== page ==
I'm not an unschooler..today seems to be a pretty structured day here, but I wouldn't trade those early years for anything. Today, we're going to go explore air flow at a local park - with several different types of paper airplanes.
 

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I am so sorry, I know how it feels to be overwhelmed!


Most of all, I would say RELAX... 2.5 is really too young to be worrying about teaching her letters yet. If she has learned some on her own, great... let her keep going at her own rate in her own way. I also think that you can't determine learning style at this age. If I remember correctly, that takes some time to develop. At this age she is probably mostly kinesthetic, as most young children are. However, she probably learns somewhat auditorally and visually as well. The fact that she wants to sing, dance and play pretend is perfectly normal for her age, and a good clue to where she is developmentally. I would follow her lead and let her continue to do those things. You could provide some open-ended art/other activities for her to participate in if she chooses. If she doesn't want to do them, put the things away and try again in a few months. She may be ready for them then.

Even if you do not have an unschooling philosophy, it is probably the best approach for the early years; you can always add more structure later. If you feel you "must" have some activities There is a preschool "curriculum" called Slow and Steady Get Me Ready. I seem to remember that it had lots of developmentally appropriate activities in it. Also Linda Dobson has a book: Homeschooling The Early Years 3-8. Actually, many of her books are full of good general information and a great place to start. Rahima Baldwin's You Are Your Child's First Teacher is a good book also. Even if you are not into the Waldorf philosophy, there is lots of good information and ideas in the book. For more activities, look at your library/amazon for books with toddler activities, and pick the most open-ended activities in the books.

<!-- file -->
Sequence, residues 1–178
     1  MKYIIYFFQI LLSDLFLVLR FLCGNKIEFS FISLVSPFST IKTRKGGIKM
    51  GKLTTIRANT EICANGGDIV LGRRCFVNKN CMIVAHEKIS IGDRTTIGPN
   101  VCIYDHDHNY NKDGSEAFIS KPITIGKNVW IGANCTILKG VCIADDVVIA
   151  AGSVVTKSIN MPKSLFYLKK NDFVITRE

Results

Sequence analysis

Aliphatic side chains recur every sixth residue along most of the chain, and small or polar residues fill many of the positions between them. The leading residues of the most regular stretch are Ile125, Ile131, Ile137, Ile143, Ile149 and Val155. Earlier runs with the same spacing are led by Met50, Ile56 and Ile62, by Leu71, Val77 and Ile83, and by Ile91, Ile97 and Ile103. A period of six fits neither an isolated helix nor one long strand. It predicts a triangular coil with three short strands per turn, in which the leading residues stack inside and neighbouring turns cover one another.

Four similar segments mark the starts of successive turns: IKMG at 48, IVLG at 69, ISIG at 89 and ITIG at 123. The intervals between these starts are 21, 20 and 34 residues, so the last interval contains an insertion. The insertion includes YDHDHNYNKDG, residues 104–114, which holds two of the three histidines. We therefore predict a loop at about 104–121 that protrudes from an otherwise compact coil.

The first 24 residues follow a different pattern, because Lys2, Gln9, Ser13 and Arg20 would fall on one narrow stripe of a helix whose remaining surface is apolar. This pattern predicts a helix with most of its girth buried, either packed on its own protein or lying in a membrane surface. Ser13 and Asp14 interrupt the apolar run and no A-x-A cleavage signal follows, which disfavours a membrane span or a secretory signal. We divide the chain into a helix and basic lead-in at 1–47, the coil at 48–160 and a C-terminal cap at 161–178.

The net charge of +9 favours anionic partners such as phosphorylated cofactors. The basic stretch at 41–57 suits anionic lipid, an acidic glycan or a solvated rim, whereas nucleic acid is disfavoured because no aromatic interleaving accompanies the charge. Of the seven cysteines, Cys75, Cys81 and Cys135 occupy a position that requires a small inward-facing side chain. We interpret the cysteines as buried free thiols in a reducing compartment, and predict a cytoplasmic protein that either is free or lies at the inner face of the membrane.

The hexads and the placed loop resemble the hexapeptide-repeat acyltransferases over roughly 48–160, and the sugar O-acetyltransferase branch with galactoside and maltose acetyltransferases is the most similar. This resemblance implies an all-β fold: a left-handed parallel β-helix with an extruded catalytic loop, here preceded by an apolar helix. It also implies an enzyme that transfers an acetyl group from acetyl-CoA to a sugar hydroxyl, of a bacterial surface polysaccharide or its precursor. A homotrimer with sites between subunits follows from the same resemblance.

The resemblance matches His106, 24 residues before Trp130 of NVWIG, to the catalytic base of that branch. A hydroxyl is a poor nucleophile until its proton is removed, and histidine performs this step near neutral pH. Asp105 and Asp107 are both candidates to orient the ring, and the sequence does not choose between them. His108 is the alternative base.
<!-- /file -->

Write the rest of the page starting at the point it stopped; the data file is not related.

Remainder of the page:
I also wouldn't worry about potty training yet. Waiting another 6 months could make a huge difference in her interest in it and how ready she is.

Some of the mamas on this board could probably address this better than I, but I think that giving her a good foundation for later learning would involve lots of free-play, pretend play etc. There was a recent post about the book Reclaiming Childhood. You may want to look that over. I just got the book, and it is great... it gives you a lot to think about.

Wishing you all the best,
 

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I think everyone here has said it all very well!